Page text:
Transfusion management in a pediatric patient with febrile neutropenia with red blood cell autoantibodies: a case report

Ashish Jain, Sharanya Ramakrishnan, Parmatma Prasad Tripathi, Rekha Hans, Deepak Bansal, Ratti Ram Sharma


Febrile neutropenia is a common complication of chemotherapy especially in hematological malignancies associated with sepsis or severe infection. We report a case where a seven-year-old girl with T – cell acute lymphoblastic leukemia (ALL) developed febrile neutropenia (absolute neutrophil count - ANC <500/µL). Patient developed transient red blood cell (RBC) autoantibodies which interfered with compatibility testing and posed a challenge in donor selection for granulocyte transfusion. Direct antiglobulin test (DAT) and compatibility testing were done by column agglutination technique (CAT) using polyspecific anti-human globulin gel cards. Antibody screen was also done by CAT using 3-cell panel. Granulocyte concentrate was collected from eligible donors after taking an informed consent using a cell separator based on continuous flow principle. The patient’s blood group was AB RhD positive, however, the auto-control was positive (2+), DAT was positive (1+) but the antibody screen was negative. Monospecific DAT revealed the characteristic of antibody to be IgG (2+). The donor for granulocyte harvesting was selected on the basis of adopting a least incompatible donor approach. During her hospital stay she was transfused with four granulocyte concentrates, and other blood components without any adverse events. The patient’s blood culture was sterile on day 33 of hospital stay and subsequently she remained afebrile and finally discharged on day 41 in a hemodynamically stable state. The hemogram was- Hb:10.7g/dL, Total leucocyte count (TLC): 5610/µL, ANC: 4375/µL, PLT: 22000 /µL. This case draws a special attention to the importance of serological testing in selection of donor for granulocyte transfusion.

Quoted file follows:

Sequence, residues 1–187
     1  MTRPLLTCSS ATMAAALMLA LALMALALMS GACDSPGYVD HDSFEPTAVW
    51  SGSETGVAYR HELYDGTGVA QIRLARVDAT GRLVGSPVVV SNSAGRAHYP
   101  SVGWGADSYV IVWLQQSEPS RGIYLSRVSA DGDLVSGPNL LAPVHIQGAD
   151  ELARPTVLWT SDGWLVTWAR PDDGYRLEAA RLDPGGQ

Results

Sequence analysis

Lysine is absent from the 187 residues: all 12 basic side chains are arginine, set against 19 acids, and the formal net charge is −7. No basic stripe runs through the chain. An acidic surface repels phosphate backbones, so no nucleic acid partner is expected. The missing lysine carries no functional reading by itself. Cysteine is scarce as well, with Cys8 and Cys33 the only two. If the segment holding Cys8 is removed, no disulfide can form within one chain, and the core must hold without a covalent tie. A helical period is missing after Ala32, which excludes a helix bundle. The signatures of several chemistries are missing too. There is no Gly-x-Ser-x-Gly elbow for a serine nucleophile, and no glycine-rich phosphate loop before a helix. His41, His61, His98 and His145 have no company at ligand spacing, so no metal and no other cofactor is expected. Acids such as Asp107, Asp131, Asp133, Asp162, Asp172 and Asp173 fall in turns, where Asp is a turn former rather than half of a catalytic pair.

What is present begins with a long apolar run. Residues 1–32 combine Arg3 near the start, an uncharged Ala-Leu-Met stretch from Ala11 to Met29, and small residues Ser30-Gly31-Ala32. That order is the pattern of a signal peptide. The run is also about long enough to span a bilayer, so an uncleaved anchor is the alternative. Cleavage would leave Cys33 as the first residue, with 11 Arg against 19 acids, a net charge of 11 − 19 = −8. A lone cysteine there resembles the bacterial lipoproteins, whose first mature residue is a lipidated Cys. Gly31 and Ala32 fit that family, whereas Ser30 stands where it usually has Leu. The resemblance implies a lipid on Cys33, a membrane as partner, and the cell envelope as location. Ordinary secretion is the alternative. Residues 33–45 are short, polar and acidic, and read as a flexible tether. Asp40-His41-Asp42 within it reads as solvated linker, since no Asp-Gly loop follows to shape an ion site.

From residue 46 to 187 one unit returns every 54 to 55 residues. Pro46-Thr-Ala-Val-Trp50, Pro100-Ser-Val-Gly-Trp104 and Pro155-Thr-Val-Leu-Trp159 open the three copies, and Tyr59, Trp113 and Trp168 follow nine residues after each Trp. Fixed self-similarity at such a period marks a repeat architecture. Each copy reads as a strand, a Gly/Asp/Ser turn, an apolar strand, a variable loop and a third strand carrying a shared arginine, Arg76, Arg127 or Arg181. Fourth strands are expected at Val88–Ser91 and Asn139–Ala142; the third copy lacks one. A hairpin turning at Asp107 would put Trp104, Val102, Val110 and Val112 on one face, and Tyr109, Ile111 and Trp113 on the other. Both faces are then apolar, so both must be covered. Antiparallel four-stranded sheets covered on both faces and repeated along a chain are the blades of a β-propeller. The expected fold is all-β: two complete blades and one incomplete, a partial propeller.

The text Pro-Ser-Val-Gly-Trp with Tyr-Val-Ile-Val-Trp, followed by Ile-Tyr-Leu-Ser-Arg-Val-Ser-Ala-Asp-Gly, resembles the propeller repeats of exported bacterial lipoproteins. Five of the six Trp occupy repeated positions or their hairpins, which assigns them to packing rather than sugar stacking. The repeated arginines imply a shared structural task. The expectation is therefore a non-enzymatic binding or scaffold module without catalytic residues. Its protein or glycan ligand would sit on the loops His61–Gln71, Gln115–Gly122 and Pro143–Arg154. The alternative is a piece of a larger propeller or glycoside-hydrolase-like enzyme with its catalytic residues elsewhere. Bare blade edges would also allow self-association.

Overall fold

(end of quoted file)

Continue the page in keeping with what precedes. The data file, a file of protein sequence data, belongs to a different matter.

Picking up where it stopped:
Febrile neutropenia, Autoantibodies, Red cell transfusion, Granulocyte transfusion

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